By Jim Skea
There is a group on Flickr called FlickrCentral. When we first started, we
squirted people into encouraged visitors toward the FlickrCentral "chat room" when they first signed up. Luckily, Caterina and I were addicted to being witty and hilarious via synchronous internet environments, so we happily sat in this FlickrCentral chat room for a solid 3 months. We got a bit stinky towards the end, but the people we (apparently) charmed were in a different place, so everything worked out.
That's an early graph of the Flickr-contact-verse, provided for us in February of 2005 by a nice clever chap called GustavoG. Somehow, we managed to collect people to the group (though we're only obliquely involved now) and like a well-worn pair of jeans or sands through the hourglass, there are many, many memorable moments and wonderful voices and personalities shining through the ever-expanding grey of ever-increasing membership.
Growth came from that magnetic centre. I'm not sure if you've seen that Spiderman film where the crazy evil dude builds a bright shiny thing that can suck metal into it until there's nothing left, but some communities become their very own vortex, where stuff just whirlpools around a centre, with satellite flotsam only connected by gravitational, orbital force. (Oh yes, I studied a little physics almost 20 years ago.) I suppose it will eventually implode. That's what happens to a beautiful bright star, isn't it?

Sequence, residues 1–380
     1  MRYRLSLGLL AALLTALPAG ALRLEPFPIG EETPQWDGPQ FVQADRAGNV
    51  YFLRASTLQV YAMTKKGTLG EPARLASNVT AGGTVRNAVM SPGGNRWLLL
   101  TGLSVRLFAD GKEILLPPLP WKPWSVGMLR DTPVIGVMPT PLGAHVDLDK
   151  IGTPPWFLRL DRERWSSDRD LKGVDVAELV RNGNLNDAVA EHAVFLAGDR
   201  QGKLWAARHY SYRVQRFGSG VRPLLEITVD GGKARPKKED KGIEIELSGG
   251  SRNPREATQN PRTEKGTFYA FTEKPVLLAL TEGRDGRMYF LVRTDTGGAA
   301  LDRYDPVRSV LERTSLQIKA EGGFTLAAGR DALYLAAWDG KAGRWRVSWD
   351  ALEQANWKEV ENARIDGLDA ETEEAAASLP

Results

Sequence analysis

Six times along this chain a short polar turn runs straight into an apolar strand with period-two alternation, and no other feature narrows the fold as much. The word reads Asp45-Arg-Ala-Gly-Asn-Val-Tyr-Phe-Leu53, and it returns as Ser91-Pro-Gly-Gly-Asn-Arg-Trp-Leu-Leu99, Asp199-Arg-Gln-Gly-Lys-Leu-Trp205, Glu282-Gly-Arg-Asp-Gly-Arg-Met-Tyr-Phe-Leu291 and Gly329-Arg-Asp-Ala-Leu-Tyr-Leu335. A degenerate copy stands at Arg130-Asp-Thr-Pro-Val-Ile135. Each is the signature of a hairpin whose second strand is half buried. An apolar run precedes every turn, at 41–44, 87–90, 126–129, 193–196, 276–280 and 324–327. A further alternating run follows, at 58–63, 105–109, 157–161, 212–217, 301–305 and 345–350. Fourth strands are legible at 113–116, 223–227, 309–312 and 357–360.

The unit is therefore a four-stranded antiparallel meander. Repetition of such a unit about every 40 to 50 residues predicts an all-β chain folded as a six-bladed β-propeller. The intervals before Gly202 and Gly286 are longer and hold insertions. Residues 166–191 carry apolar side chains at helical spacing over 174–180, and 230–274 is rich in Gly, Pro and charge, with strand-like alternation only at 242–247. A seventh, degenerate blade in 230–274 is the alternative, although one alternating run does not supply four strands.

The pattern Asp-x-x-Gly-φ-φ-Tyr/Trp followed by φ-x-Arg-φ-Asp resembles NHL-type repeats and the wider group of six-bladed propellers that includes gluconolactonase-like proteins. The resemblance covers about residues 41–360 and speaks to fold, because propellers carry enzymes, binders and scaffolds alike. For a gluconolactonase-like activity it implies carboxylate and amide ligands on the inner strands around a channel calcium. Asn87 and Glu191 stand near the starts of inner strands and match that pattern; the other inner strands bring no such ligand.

In a sense, stars are like [Ed.
peoplesocial networks]: they are born, they live and they die. A star "lives" by fusing lighter elements into heavier ones in its central regions. The pressure generated by this "combustion" holds the star up against the enormous gravitational force that its outer layers extert on the stellar core. The supply of elements that the star can fuse is limited, and when this runs out the star "dies": its properties change rapidly and violently, and a new astronomical object is created. Supernovae represent the most catastrophic (and picturesque!) of these stellar deaths.
- snipped from "Curious about Astronomy?"
FlickrCentral continued its trajectory as one of the popular spots that new visitors to Flickr could find because a) we drove people there and b) that created a positive feedback that made it one of our biggest groups - even as the whole place embiggened. Content coagulates Katamari-style thanks to that weird attraction.
To me, the fact that this thing has managed to attract 1,000,000 photos into one "place" just by sheer inertia is . The fact that Jim managed to make that picture a cat is worth even a wee bit more.
In the inimitable words of 7 Up's Lynn, "Christ. What 'ave I done?"